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July 2014 Newsletter

Plant of the Month Angelonia angustifolia

Angelonia Close up

Angelonia Close up

Angelonias grow in sun with regular water and bloom all summer. They make a great container or bedding plant and are a long lasting cut flower. Although they are a perennial in their native tropics they do not winter over here. They come in white, pinks, purples and blues and the height varies from 8 to 18 inches tall depending on the hybrid variety. I have heard them called the ‘Summer Snapdragon’ and they are listed as deer resistant but I would not bet on it, otherwise they are very pest resistant. We sell them in 4 inch pots and they are a dollar off the regular price in July-so $3.59.

July Specials

  • Half off any summer veggies still in stock
  • 30% off all bulbs in stock-this includes dahlias and glads
  • $1.00 off the plant of the month-Angelonia
  • 20% off all Stone Fruit- cherries, plums. peaches, nectarines, apricots, apriums and pluots

Newsletter July 2014

Huge Indian Summer Black eyed Susan

Huge Indian Summer Black eyed Susan

It is fire season and many of you know that we had quite a scare here at the nursery a few weeks ago with the fire in the creekbed behind us. Thanks to our firefighters and townspeople it was contained in the creek fairly quickly. Watching the Digger Pines ignite was quite enlightening. As I write this the Butts Fire is happening, which brings us to the beginning theme of this newsletter-fire resistant landscaping.

As with waterwise landscaping less is more. Leave space between plant groupings. Choose plants that do not accumulate dead branches, needles and twigs and have high moisure content and low resin. Low height plants are a better choice for close to the home in general. Most deciduous trees and shrubs are considered fire resistant as long as they have a watery type sap. Pines, juniper and other conifers are full of resins and should be planted a distance away from any structures. I am a big fan of leaf litter but hot ash from a nearby wildfire can ignite it or any other type of bark covering. CalFire would prefer you use stone covering, at least in areas where a fire break is needed. Pools, driveways and patios are another useful firebreak. I know we are in a drought but making sure your plantings are hydrated is another factor.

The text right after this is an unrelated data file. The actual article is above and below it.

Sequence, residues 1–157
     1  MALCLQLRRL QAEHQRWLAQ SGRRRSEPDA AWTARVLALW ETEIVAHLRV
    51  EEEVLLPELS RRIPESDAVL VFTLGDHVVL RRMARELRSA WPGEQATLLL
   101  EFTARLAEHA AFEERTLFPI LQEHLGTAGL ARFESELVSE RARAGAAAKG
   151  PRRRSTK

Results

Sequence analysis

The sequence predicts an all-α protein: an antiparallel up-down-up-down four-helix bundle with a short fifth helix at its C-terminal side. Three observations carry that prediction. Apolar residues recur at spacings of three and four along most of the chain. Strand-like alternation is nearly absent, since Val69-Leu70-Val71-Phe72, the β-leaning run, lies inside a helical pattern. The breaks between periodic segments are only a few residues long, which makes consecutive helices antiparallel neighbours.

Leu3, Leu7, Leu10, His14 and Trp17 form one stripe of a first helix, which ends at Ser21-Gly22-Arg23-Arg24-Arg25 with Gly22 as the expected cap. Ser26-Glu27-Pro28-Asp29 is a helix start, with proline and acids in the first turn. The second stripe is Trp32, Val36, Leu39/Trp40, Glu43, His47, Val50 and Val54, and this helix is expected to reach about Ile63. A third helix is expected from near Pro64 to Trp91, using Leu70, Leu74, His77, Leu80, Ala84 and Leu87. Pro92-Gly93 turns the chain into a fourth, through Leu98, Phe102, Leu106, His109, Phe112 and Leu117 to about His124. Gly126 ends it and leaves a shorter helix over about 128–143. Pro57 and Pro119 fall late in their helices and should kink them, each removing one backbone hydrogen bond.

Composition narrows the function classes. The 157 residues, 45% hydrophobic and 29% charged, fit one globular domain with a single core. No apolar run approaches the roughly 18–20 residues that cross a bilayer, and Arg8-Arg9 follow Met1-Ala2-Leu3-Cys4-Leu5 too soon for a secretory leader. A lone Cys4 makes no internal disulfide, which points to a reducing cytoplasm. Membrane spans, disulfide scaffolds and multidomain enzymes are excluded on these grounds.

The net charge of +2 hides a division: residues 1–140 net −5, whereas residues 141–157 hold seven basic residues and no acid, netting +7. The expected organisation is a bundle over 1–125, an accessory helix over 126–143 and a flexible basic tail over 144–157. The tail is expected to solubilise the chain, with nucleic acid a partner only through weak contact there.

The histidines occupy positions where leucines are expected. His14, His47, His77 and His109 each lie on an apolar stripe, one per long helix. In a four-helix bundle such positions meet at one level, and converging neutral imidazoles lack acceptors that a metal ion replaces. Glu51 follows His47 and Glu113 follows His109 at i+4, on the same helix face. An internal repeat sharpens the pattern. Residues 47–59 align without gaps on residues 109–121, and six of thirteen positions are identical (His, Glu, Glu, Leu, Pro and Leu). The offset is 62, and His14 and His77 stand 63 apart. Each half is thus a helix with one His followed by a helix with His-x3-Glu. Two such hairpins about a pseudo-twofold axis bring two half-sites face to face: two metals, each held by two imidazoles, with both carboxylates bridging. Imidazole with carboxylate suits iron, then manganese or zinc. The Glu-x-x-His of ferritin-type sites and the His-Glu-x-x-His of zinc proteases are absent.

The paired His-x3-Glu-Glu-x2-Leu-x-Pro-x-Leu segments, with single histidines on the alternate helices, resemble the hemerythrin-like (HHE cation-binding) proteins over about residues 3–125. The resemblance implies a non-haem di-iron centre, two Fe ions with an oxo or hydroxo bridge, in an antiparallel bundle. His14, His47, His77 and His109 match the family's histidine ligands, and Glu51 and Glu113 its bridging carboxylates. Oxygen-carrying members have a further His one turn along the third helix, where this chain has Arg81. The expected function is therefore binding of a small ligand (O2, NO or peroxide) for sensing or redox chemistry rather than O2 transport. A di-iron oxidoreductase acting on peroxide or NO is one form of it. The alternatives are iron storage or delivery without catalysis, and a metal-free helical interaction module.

Here is a short list of recommended fire resistant plants (remember resistant does not mean proof):

  • Groundcovers include – iceplants, sedums and succulents, manzanita uva ursi, rockrose “Sunset”, ceanothus prostratus, wild strawberry and creeping veronica.
  • Perennials – Berginia, coreopsis, daylily, echinacea, gaillardia, evening primrose, iris, lambs ear, hosta, lavender, pennstemon, all sages, native monkey flower, and russian sage.
  • Shrubs – Most deciduous shrubs but these evergreens are included- Ceanothus, Rockrose, Toyon, Cotoneaster, Mahonia and Manzanita.
  • Trees – Hardwoods like oaks and most deciduous (not pines, firs or other conifers).

Bugs continue to plauge and earwigs are out in force. We sell the natural Sluggo Plus bait that works very well for earwigs. Most of our sprays are organic but that does not mean non-toxic. To avoid hurting bees and other beneficial insects sprays need to be applied very early in the morning or late in the evening when they are not active. Once dried they are safe for them. We also carry Ed Rosenthal’s Herbal Spray which is non-toxic.

Loads of perennials

Loads of perennials at Star Gardens

I was reading my Master Gardener Calender and saw that they recommend doing your apricot and cherry pruning in the summer after harvest as opposed to winter. This is to prevent Eutypa dieback, a fungal disease that infects the trees when pruned during the rainy season. It will cause sudden and wilting dieback in the summer, dark sores on pruning wounds and bark discoloration with gummosis-an amber colored gum. Dave Wilson also recommends light summer pruning on most of your trees to keep them at a manageable size and to avoid heavier pruning that removes your fruit producing wood in the winter.

Shade Color

Shade Color

July means we are back to being closed on Wednesday now that the spring rush is over. It also means we have loads of great summer blooming perennials like dahlias, black-eyed susans, coreopsis, cone flowers and russian sage. Our supplier’s beautiful 4 inch zinnias are here and we finally have the colorful annual vinca and lantana in. These are both deer resistant and very heat tolerant and long blooming. For shade we have beautiful begonias of all types, colorful coleus, fuchsias and impatiens. The crape myrtles are beginning to bloom along with the hardy hibiscus and rose of sharon. We still have plenty of roses to chose from and a good selection of fruit and shade trees.

Happy Gardening,
Tanya